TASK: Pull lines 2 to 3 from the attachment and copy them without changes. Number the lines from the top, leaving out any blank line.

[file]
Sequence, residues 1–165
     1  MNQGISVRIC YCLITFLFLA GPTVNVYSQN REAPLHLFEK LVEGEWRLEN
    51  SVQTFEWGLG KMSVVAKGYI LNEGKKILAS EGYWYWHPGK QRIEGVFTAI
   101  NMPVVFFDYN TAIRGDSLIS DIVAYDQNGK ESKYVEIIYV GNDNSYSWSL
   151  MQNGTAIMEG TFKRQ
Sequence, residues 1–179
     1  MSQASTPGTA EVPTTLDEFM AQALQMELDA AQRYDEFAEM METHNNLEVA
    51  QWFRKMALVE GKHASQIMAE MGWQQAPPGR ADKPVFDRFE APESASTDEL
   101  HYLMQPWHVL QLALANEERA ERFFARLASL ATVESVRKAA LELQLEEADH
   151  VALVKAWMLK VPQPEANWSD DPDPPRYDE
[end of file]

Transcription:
     1  MNQGISVRIC YCLITFLFLA GPTVNVYSQN REAPLHLFEK LVEGEWRLEN
    51  SVQTFEWGLG KMSVVAKGYI LNEGKKILAS EGYWYWHPGK QRIEGVFTAI